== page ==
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Taking WordPress to Infinity and Beyond with ChatGPT API

Ah, the digital revolution.

Just when you think you’ve caught up, something like ChatGPT waltzes in and says, “Tag, you’re it!” Especially if you’re in the WordPress world.

This is not your everyday GPT-4 conversation; this is about automation that can drastically simplify your life and business processes.

The ChatGPT Phenomenon

ChatGPT has become more than a household name; it’s like the digital BFF you never knew you needed. It helps you draft emails, brainstorm creative projects, and even chat when you’re bored.

But what you may not know is that there’s a behind-the-scenes maestro in all of this—the ChatGPT API.

ChatGPT vs. ChatGPT API: The Omakase and the Super Kitchen

Think of ChatGPT as a mind-blowing Omakase meal at a sushi restaurant. Every detail is curated for a “Wow, this is amazing!” experience.

The ChatGPT API, on the other hand, is like having the entire kitchen at your disposal but without the chef.

You’re the culinary artist now, free to cook up endless automation possibilities for your WordPress site.

Note: Throughout this guide, when I mention “ChatGPT,” I’m specifically referring to the ChatGPT API, not the stand-alone website or application.

Now, let’s tie this back to the bigger picture: the human longing for efficient, personalized assistance.

This yearning is not new; it’s been a part of popular culture for quite some time.

From Iron Man to Jarvis: A Personal Journey

When “Iron Man” hit the theaters, it wasn’t just Tony Stark’s armor that had us all drooling. It was his AI assistant, Jarvis.

I was among those enamored not by the metallic superhero suit, but by the idea of a personal AI assistant handling mundane tasks.

On May 21, 2021, I was granted access to GPT-3, a significant stepping stone toward making that dream a reality.

To say my life underwent a transformation thereafter would be an understatement.

Sixteen months before the emergence of ChatGPT, GPT-3 had already laid the groundwork for groundbreaking innovations.

In that pre-ChatGPT period, I engaged in extensive experimentation, striving to optimize my life through the automation capabilities of GPT-3.

However, the advent of GPT-4 has expanded the horizons of what’s achievable with automation, propelling possibilities into unprecedented realms.

What’s In Store For You in This Guide?

Are you ready to automate like you’ve never automated before?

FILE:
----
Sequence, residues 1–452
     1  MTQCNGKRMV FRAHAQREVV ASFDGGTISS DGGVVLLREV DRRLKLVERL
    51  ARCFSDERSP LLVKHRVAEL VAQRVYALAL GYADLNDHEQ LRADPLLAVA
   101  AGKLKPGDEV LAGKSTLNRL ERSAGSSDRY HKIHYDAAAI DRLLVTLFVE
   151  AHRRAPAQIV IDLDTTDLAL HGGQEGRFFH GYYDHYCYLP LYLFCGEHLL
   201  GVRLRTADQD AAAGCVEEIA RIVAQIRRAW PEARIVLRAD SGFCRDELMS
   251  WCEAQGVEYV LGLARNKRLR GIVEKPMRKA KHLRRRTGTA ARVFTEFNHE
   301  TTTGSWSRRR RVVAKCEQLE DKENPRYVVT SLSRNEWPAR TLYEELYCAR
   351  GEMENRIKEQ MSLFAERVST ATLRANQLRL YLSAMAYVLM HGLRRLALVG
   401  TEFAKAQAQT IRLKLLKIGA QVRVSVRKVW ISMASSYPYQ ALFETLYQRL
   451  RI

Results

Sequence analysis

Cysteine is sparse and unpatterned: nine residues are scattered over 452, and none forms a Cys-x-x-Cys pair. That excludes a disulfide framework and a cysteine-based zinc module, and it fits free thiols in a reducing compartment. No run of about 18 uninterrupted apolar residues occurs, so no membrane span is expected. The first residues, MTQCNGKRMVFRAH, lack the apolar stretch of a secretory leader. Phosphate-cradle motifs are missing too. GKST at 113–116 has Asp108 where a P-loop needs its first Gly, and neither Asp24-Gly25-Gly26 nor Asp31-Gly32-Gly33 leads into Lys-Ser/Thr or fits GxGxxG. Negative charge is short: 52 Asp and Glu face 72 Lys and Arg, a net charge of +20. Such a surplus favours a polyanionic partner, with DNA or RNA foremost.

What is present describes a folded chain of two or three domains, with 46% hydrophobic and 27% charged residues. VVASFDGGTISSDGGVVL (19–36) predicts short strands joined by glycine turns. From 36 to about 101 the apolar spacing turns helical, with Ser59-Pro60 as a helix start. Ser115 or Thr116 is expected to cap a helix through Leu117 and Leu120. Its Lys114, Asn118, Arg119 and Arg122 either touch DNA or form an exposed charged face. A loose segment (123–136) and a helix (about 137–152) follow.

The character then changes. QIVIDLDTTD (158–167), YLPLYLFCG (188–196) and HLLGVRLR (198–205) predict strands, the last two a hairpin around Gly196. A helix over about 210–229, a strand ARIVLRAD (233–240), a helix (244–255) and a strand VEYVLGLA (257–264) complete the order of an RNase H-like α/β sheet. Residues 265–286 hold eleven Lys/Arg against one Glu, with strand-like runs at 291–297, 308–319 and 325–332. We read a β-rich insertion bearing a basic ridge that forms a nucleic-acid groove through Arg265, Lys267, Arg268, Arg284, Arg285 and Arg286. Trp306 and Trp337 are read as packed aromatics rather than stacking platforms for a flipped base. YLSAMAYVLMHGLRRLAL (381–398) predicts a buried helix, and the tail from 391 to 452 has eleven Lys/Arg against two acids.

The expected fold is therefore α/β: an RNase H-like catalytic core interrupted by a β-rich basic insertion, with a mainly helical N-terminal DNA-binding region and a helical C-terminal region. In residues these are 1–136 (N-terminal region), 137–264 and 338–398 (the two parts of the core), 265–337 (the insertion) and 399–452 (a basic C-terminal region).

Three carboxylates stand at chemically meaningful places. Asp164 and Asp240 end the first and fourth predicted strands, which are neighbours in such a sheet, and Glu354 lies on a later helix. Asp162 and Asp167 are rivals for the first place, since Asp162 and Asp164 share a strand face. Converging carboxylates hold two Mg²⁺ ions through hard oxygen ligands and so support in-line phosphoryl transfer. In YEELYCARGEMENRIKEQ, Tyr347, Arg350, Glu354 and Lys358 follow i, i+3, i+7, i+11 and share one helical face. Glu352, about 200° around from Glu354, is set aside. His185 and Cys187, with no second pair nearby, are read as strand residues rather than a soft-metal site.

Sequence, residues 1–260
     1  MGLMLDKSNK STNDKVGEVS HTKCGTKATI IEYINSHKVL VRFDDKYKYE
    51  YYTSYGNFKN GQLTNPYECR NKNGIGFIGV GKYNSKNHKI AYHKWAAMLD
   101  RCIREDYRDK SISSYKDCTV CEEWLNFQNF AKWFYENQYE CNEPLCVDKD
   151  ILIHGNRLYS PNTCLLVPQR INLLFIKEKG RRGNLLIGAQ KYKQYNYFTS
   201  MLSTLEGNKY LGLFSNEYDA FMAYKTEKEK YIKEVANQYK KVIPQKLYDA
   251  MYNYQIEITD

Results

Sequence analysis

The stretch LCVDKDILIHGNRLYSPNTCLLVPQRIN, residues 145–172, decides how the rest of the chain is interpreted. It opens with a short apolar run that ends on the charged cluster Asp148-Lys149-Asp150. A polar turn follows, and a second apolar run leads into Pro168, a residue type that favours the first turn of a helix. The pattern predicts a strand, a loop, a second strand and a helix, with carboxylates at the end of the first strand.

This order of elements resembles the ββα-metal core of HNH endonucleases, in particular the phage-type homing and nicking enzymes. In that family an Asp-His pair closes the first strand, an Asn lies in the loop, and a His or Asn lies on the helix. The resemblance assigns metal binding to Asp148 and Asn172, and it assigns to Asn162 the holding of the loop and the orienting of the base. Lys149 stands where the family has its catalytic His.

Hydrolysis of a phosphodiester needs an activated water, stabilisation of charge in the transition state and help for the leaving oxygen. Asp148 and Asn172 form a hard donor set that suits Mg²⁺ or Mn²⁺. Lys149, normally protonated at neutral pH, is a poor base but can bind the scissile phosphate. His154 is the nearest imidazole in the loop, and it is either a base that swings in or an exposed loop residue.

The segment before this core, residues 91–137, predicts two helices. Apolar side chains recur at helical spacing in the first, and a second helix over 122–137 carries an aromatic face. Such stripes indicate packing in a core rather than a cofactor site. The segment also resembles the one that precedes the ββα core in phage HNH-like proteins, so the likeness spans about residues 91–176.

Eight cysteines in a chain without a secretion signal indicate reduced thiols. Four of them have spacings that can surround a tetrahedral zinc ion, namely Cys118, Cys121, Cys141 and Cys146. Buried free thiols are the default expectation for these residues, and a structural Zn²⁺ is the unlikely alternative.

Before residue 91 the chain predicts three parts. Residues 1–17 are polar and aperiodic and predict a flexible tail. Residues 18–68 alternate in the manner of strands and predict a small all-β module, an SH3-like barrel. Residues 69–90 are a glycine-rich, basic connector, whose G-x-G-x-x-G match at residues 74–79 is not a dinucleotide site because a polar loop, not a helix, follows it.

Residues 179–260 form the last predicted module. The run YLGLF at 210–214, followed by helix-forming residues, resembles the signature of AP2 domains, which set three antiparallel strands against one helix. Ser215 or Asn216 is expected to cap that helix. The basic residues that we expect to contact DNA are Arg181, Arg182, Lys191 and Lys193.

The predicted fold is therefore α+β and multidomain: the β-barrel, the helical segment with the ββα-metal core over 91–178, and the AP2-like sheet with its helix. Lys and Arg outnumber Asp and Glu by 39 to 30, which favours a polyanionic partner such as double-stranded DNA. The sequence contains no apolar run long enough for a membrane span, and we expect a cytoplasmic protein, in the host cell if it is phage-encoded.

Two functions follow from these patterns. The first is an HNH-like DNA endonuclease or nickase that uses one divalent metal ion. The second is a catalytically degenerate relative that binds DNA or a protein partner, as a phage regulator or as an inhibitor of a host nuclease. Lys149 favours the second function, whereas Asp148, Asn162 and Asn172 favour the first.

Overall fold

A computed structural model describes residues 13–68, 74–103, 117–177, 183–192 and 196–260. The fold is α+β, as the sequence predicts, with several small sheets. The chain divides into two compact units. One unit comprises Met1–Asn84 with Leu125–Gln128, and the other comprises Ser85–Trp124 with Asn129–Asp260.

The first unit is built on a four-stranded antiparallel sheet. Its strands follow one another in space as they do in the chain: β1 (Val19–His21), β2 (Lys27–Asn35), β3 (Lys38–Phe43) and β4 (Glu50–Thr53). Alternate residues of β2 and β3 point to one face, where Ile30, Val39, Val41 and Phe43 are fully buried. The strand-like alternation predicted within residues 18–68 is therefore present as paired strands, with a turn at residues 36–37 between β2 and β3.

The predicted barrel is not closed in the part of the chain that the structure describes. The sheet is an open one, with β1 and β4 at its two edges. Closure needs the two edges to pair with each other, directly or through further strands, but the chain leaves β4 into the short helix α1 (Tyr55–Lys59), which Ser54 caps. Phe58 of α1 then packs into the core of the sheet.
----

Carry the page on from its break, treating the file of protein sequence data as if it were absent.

In this guide, we’ll explore how to employ the ChatGPT API to take your WordPress experience to a realm that’s as efficient as it is captivating.

Tools You’ll Need

To follow along, you’ll require a few tools:

  • OpenAI API Key: Here’s where you can get it.
  • Zapier: Although primarily a paid tool, it’s well worth the investment for this guide.
  • Pipedream: A free account should suffice for our purposes.

Don’t worry if you don’t use Zapier. Alternatives like Make.com, Pabbly Connect or n8n work just as well—the workflow is nearly identical.

Let’s Dive In!

Now that we’ve set the stage, let’s delve into our first automation experiment.


Automation #1: Content Creation Automation Using ChatGPT API

Over the past two years, I’ve immersed myself in the specialized field of automated content creation, with a particular focus on leveraging the GPT-3 and ChatGPT API.

While it’s enticing to generate long articles almost effortlessly, the question remains: can a simple prompt truly yield high-quality content?

Motivated by this query, I embarked on an exhaustive journey. I’ve invested innumerable hours in testing, experimentation, and fine-tuning the approach.

Today, I am eager to unveil my findings. My goal is to illuminate both the untapped potential and the inherent limitations of using this technology for content creation.

Shall we begin?

1. Automated Mass Article Generation with ChatGPT API

The allure of creating content with just a simple command is hard to resist. Imagine crafting a 2000-word piece without breaking a sweat. I’ve been there and felt that excitement.

Here’s how I went about it:

Why it’s enticing?

In my journey, I’ve constantly searched for efficient ways to produce content.

The ChatGPT API, in this respect, feels like a dream. With just a single command, the possibility of churning out a substantial article opens up. It’s like having a little genie at your disposal.

But like any tool, its true value lies in how you wield it.

Step 1: Generating Topics with ChatGPT:

From my experiments, I’ve found that ChatGPT can be a great brainstorming assistant.

By simply inputting the prompt give me 30 topics related to productivity for freelancers, creatives, and solopreneurs. The result should be in a table format with only 2 columns. One for the topic, another for the target audience, it offers up a plethora of fresh topics tailored for your audience.

The next step? Organize this data, and that’s where Airtable comes in.

Step 2: Setting up Airtable:

I use Airtable as a dynamic repository, making it perfect for cataloging and structuring my content.

Here’s my configuration:

  • Topic: The primary subject or theme. It’s an efficient way to group ideas and content.
  • Target Audience: Identifying the intended readership or viewers ensures the content is relevant and impactful.
  • Outline: A brief sketch or roadmap for the article.
  • Title: The article’s headline.
  • Content: The core text of the article. Activate the rich text formatting to maintain uniformity and elevate the reading journey.
  • Status: A tool for streamlined workflow. I use it as follows:
    • ‘Todo’: An idea is jotted down and is pending action.
    • ‘In Progress’: The creation phase – where ideas take shape.
    • ‘Done’: Celebrating the completion of well-crafted content, ready for its audience.

For a practical illustration, visit this Airtable example.

Step 3: Zapier Automation:

Efficiency thrives on automation. This is where Zapier, my trusted sidekick, steps in to make things seamless:

1. Setting the Stage:

To kick things off, I establish a daily routine in Zapier, defining precisely when the magic should commence.

2. Scouting for Topics in Airtable: